The rover’s wheels slipped more in Hidden Valley’s sand than the team had expected based on experience with one of the mission’s test rovers driven on sand dunes in California. The valley is about the length of a football field and does not offer any navigable exits other than at the northeastern and southwestern ends. “We need to gain a better understanding of the interaction between the wheels and Martian sand ripples, and Hidden Valley is not a good location for experimenting,” said Curiosity Project Manager Jim Erickson of JPL. …

Curiosity reversed course and drove out of Hidden Valley northeastward. On the way toward gaining a good viewpoint to assess a possible alternative route north of the valley, it passed over the pale paving stones on the ramp again. Where a rover wheel cracked one of the rocks, it exposed bright interior material, possibly from mineral veins.

More and more, the journey to Mount Sharp appears to be increasingly adventurous for the rover.

The next U.S. Mars rover will try to make and store oxygen

Of the seven science instruments proposed for the next U.S. Mars rover, scheduled for a 2020 launch date, MOXIE test the engineering to produce and store oxygen, pulled from the Martian atmosphere.

Developed in partnership with NASA’s Jet Propulsion Laboratory, it’s based on the fact that the Martian atmosphere, though extremely thin, is composed of 96 percent carbon dioxide, which means its a vast potential source of oxygen for future explorers and settlers. Essentially, MOXIE is a fuel cell in reverse. Instead of generating electricity by using oxygen to burn a fuel, it uses a process called solid oxide electrolysis , where electricity is employed to split carbon dioxide into oxygen and carbon monoxide.

This process would see Martian air pumped into the unit through a dust filter and pressurized before being passed into a fuel cell. At high temperatures, some ceramic oxides act as oxygen ion conductors. In the fuel cell, a thin, non-porous disc of this ceramic separates two porous electrodes. One electrode acts as the cathode and the other as the anode. Carbon dioxide passes through the cathode and when it comes into contact with the ceramic, the interaction of electricity and the ceramic causes the carbon dioxide to split into oxygen and carbon monoxide. The oxygen and the carbon monoxide are then separated and the oxygen stored.

What makes this unusual is that NASA has actually dedicated one science instrument to engineering research, not pure science. The agency does not do this much anymore, but such research is essential if the U.S. is going to someday send humans to other planets.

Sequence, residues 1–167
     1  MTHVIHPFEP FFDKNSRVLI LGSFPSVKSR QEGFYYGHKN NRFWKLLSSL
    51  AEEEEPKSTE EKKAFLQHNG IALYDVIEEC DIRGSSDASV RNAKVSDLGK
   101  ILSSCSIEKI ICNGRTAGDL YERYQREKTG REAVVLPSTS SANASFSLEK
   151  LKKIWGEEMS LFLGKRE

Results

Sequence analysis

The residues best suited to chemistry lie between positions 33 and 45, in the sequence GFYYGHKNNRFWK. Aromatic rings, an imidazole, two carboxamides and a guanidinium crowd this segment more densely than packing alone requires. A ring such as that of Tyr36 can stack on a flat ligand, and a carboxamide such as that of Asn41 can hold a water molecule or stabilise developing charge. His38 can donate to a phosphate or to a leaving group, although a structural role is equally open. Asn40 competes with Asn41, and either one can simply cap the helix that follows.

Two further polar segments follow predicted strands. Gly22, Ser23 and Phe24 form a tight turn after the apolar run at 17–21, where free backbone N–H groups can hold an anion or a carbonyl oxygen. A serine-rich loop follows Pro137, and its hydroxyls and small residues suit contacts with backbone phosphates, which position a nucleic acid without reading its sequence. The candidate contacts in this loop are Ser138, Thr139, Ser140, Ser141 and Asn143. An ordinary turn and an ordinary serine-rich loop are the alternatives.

China claimed today that its lunar rover Yutu is still alive on the Moon.

China claimed today that its lunar rover Yutu is still alive on the Moon.

The rover is still able to send data back to Earth using the Chang’e 3 probe that delivered it, the official Xinhua news agency said, citing Li Bengzheng, deputy commander-in-chief of China’s lunar program. But the buggy’s wheels and the solar panel designed for thermal insulation during the frozen lunar nights no longer work, Li said. The craft’s functionality is progressively deteriorating “with each lunar night,” Li said.

What is significant here is that though the rover’s ability to rove failed much sooner than planned, its longevity now means that much of their engineering for future missions will work.

The first preliminary list of candidate landing sites for NASA’s next Mars rover have been proposed.

The first preliminary list of candidate landing sites for NASA’s next Mars rover have been proposed.

At the conclusion of the workshop, attendees voted informally on the nearly 30 candidate sites that researchers had presented—ranking the sites as being of high, medium, or low scientific interest. Floating to the top was a site called Northeast Syrtis Major, a terrain at the edge of the Isidis Basin, the remnant of one of Mars’s biggest and most ancient asteroid impacts. Jack Mustard, a planetary scientist at Brown University and an advocate for the site, says material from the impact could offer a precise date for that event. Scientists also want a piece of nearby lava flows, thought to have oozed out and cooled several hundred million years later.

Nothing is even close to being decided yet, however.

In related news, a new study suggests that dozens of microbes might have stowed away on Curiosity when it left for Mars.

Emphasis must be placed on the word “suggests” however.

Curiosity has reached another area of interesting terrain: rows of layered curvy rocks.

Curiosity has reached another area of interesting terrain: rows of layered curvy rocks.